1. In this case, the three petitioners before me have been convicted under Section 225-B of the Indian Penal Code and sentenced to various fines by the sub-Magistrate of Denkanikota, and their conviction has been confirmed by the Joint Magistrate of Hosur.
2. The prosecution case is that certain constables were sent to the village of Ullugurukki on the 29th May 1922 and P.W. 1, a constable, arrested the first accused and took him by his hand. Then, it is said, the accused asked him why he arrested him and that the constable told him that he was arresting him under Section 54 of the Criminal Procedure Code. The accused seems to have resisted this arrest on the ground that he was not liable to be arrested under Section 54, Criminal Procedure Code. The constable who arrested him had no warrant for his arrest. Accused 2 and 3, who are the sons of the first accused, also seem to have taken part in resisting the arrest. All the same, all the three accused were arrested by the constable and taken to the police station. The charge under Section 225-B is on the ground that the father tried to escape from custody after he was arrested and that the sons helped him to do so. Section 225-B requires that the custody from which a man tries to escape must be a lawful custody; he must have been lawfully arrested and detained; then only he is liable to conviction under Section 225-B. It is not denied in this case that the constable had no power to arrest the first accused under Section 54, Criminal Procedure Code. When the prosecution found its weakness after the case was almost nearly over in the lower Court, they changed the case and contended that the first accused was arrested under Section 55(c) and that the arrest was legal.
3. The question that arises before me is whether, when a constable goes and arrests a man and tells him under what authority he is arresting him, when that authority is not a lawful authority, can the man arrested be convicted and punished under Section 225-B for resisting such arrest although the constable might have authority to arrest him under some other provision of law? For the purpose of deciding the point, I will assume that, if the arrest had been under Section 55(c) it would have been a lawful arrest. This is a question which I shall consider presently. I have come to the conclusion that when a constable arrests a man and tells him expressly that he is doing so under a particular authority which he claims to have to arrest him, and if such arrest is resisted, it will be for the prosecution afterwards to establish that the constable who arrested the man had power to act under the authority that he claimed to have. It is not sufficient for the prosecution afterwards to say that the constable had authority under some other provision of law. I think, any man who is being arrested has a right to ask the officer arresting him to show him what power he has to do so. If the arrest is under a warrant, it has been held that the man arrested is entitled to ask that the warrant be shown to him to see that he is being properly arrested and that when the warrant is not shown to him and the arrest is made such an arrest will not be a legal arrest. A man is entitled to know when a constable is arresting him, under what power he is acting and if he (the constable) states that he acts under a certain power which the man knows he has not got, I am not prepared to say that he is not entitled to object to such arrest and to escape from custody when he is arrested. So far as Section 54 is concerned, no attempt has been made before me to justify the arrest, and it seems to me that on that ground this petition ought to succeed.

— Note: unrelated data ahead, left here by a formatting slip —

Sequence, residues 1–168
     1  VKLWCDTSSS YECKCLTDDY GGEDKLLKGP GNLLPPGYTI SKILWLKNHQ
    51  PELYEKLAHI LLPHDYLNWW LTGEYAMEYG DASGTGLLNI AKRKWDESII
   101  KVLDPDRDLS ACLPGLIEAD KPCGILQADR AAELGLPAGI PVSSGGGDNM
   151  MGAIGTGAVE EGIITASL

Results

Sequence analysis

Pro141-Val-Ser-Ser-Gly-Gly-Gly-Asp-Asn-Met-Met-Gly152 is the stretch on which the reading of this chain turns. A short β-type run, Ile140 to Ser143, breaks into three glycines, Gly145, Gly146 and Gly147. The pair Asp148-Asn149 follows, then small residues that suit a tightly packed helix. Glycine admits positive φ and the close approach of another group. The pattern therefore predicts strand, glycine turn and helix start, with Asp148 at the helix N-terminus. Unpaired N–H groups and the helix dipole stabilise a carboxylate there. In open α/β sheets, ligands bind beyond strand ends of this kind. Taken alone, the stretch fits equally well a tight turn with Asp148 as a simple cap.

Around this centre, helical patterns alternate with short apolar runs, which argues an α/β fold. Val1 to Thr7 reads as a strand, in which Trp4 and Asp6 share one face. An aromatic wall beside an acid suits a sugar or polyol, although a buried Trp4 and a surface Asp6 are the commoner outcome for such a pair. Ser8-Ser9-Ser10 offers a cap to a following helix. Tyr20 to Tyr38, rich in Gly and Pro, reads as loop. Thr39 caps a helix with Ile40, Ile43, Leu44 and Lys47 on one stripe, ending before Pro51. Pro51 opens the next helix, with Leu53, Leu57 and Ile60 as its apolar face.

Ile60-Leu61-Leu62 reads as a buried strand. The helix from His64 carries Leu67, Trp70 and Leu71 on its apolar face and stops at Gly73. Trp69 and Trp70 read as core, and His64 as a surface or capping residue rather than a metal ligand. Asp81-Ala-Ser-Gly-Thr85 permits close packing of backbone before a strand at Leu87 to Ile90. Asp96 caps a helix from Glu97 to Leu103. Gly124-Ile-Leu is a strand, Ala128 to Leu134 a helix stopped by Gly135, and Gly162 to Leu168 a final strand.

4. Apart from it, even under Section 55(c) I am not satisfied that the prosecution has proved that the constable had authority to arrest the man. That clause says, 'Any person who is by repute an habitual offender, house-breaker or thief or an habitual receiver of stolen property knowing it to be stolen, or who by repute habitually commits extortion or, in order to the committing of extortion, habitually puts or attempts to put persons in fear of injury,' may be arrested by an officer in charge of a Police station. There is nothing before me to show that there was any ground for taking action under Section 55(c) by the police in this case. The officer, who ordered his arrest and gave evidence as C.W. 1, only says that he had reason to suspect that the first accused was concerned in several offences. He does not say anything about his being reputed to be a habitual robber, or house-breaker; at the time he gave evidence the prosecution case was that the arrest was made under Section 54 and not under Section 55(c); so that his evidence does not relate to a case under Section 55(c) at all.
5. In these circumstances, it seems to me that the arrest of the first accused cannot be considered to have been a lawful arrest and his attempt to escape from custody would not fall under Section 225-B, Indian Penal Code. He must therefore be acquitted, and as a result of his acquittal, accused 2 and 3 must also be acquitted. The fines, if paid, will be refunded to them.